Publisher: Waldorf Early Childhood Association
Date Published: 1998
ISBN: 0-9663992-0-X
Available from the following vendors::
Rudolf Steiner College Bookstore
Sunbridge College Bookstore
Waldorf Early Childhood Association
Bob and Nancys Bookshop
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#7 of 41 Old 04-24-2009, 09:09 PM
 
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great ideas! We called a local tree removal service and are going to have logs cut into various size rounds to create a play area.

Me:
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#8 of 41 Old 04-24-2009, 10:31 PM
 
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What a timely thread! I've been working in the yard the past few weeks trying to make it more kid friendly and less plastic ridden. Love the inspiration here!

Here are a few photos of what we have so far (and in the interest of full disclosure I did not take pictures of the dozen Tonka diggers the boys have seemed to have collected)

These are some stumps I retrieved from a tree being removed nearby

This is the kids playhouse. I have fantasies of making a wood shingled roof to replace the red plastic one

The boys spent some time this afternoon moving gravel from one side of the house to the other

There's a little hole in the bottom of our plum tree we're decorating for Fairy Folk

It's still very much a work in progress. The last owner had paved over most of the yard so we're taking some time to figure out how to deal with it... sigh

Thanks for looking

Marina, married to one really great guy : and mama to three magical boys- Matteo 8/05, Nico 11/06 and Luca Bean 11/08
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#9 of 41 Old 04-25-2009, 08:17 PM
 
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Originally Posted by PabloHoneySF View Post
What a timely thread! I've been working in the yard the past few weeks trying to make it more kid friendly and less plastic ridden. Love the inspiration here!

Here are a few photos of what we have so far (and in the interest of full disclosure I did not take pictures of the dozen Tonka diggers the boys have seemed to have collected)

These are some stumps I retrieved from a tree being removed nearby

This is the kids playhouse. I have fantasies of making a wood shingled roof to replace the red plastic one

The boys spent some time this afternoon moving gravel from one side of the house to the other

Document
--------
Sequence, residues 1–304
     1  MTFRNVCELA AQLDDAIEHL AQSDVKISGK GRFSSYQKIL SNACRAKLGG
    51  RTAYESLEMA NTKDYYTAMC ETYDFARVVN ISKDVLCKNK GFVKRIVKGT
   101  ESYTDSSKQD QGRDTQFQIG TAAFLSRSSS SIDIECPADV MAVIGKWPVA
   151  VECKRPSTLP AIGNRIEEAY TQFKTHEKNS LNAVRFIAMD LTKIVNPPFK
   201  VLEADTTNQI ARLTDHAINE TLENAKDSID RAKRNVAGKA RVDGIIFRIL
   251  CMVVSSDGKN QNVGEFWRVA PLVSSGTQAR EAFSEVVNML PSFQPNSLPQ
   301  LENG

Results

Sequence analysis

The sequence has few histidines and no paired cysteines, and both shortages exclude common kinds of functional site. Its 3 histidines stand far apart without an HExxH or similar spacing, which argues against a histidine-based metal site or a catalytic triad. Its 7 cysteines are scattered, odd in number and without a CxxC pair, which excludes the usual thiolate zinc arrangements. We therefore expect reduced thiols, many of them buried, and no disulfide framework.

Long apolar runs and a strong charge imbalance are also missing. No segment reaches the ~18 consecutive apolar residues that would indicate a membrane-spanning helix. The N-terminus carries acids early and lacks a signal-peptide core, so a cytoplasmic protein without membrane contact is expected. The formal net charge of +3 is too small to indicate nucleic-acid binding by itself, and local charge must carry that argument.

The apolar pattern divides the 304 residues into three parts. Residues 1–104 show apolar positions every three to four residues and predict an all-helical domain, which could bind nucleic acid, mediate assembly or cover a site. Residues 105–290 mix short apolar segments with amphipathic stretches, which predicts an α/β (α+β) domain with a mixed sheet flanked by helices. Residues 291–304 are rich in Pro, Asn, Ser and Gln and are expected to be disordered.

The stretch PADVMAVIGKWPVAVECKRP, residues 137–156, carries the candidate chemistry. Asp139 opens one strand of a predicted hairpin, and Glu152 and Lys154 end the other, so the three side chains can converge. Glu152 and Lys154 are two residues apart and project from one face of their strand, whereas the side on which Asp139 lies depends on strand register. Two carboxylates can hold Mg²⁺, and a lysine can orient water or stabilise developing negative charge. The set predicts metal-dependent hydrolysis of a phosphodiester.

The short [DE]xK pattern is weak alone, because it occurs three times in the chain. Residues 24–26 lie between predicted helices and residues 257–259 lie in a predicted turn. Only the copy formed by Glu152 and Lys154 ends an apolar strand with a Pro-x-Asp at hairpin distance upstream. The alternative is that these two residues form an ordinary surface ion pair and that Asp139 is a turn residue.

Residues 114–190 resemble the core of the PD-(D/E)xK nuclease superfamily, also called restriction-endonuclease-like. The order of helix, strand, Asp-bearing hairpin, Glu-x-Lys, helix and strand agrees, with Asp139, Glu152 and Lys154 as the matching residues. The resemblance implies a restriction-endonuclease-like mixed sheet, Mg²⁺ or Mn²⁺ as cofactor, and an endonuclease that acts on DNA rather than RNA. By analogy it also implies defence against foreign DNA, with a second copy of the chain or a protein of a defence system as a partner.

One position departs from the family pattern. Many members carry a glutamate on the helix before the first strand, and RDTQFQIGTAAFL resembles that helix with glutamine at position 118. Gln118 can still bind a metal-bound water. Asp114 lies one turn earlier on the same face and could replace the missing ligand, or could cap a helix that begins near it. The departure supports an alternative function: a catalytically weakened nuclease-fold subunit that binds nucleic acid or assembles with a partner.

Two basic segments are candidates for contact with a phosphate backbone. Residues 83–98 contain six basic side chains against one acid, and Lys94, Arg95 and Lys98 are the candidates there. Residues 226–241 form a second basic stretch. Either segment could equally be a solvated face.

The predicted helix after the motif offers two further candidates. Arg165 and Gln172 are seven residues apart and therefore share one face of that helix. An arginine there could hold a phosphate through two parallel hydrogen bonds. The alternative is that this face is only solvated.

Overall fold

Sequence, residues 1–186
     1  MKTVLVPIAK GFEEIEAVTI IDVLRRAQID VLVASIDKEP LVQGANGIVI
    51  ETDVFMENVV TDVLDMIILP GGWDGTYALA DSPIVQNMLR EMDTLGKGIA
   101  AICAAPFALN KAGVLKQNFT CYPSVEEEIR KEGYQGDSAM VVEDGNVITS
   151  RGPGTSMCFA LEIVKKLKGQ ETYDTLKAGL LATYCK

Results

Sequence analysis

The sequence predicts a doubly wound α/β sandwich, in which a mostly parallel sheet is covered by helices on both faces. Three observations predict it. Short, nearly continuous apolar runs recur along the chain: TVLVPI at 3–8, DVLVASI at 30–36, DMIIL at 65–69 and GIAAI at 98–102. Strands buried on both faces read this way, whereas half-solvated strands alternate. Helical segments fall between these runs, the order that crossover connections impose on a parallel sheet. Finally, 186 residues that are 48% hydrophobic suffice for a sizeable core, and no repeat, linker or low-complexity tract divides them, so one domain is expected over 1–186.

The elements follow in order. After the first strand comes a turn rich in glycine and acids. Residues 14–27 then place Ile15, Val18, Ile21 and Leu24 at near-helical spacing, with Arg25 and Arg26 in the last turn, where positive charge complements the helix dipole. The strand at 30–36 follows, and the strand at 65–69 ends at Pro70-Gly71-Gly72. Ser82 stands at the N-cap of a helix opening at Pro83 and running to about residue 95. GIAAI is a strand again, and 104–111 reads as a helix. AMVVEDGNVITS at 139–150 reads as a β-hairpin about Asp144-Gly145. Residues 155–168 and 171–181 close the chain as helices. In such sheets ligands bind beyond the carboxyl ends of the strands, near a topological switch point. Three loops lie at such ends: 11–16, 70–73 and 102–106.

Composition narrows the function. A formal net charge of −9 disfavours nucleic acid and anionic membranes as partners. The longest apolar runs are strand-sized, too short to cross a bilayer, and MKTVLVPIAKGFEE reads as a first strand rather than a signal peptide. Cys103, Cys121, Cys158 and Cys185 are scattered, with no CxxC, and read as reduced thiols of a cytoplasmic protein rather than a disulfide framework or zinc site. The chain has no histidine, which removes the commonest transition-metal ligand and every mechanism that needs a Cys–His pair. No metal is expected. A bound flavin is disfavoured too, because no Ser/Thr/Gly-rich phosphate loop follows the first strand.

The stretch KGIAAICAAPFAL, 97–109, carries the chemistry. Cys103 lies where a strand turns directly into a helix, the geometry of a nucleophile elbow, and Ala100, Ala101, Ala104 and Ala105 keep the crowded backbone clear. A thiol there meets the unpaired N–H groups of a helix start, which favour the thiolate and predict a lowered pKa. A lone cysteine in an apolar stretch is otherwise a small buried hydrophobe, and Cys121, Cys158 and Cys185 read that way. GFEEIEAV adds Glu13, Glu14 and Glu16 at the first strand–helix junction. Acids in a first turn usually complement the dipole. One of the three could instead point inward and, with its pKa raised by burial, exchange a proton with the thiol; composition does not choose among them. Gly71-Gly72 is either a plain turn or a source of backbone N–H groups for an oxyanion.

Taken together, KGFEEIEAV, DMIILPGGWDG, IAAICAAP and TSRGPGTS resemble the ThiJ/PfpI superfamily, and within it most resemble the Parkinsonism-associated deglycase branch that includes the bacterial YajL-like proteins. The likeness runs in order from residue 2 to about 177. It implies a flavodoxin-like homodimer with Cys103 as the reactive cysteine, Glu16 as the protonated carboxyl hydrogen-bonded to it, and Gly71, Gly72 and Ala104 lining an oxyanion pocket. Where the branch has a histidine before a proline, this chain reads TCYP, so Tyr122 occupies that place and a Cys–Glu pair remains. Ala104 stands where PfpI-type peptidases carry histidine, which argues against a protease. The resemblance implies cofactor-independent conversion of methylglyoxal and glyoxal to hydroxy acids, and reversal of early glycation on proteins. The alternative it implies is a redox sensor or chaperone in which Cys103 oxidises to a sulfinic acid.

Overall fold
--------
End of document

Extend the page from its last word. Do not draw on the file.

There's a little hole in the bottom of our plum tree we're decorating for Fairy Folk

It's still very much a work in progress. The last owner had paved over most of the yard so we're taking some time to figure out how to deal with it... sigh

Thanks for looking
Everything looks just beautiful! What a great place to play. I have to ask - is that the Brio wheelbarrow? We saw them at a W school, but haven't been able to find it anywhere online except in the UK. Where did you find it?

SAHM to two amazing boys
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#10 of 41 Old 04-25-2009, 10:28 PM
 
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Radio Flyer makes a nice metal wheelbarrow that looks almost identical to the one pictured (except it's red). Ds loves his and uses it every day!!
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#11 of 41 Old 04-25-2009, 10:36 PM
 
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Originally Posted by njsummer01 View Post
Everything looks just beautiful! What a great place to play. I have to ask - is that the Brio wheelbarrow? We saw them at a W school, but haven't been able to find it anywhere online except in the UK. Where did you find it?

Have you seen this wheelbarrow from radio flyer? They also have some nice wood/metal child size garden tools. They are pretty sturdy and the boys love to have their own stuff for the garden
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#12 of 41 Old 04-26-2009, 11:56 AM
 
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Originally Posted by njsummer01 View Post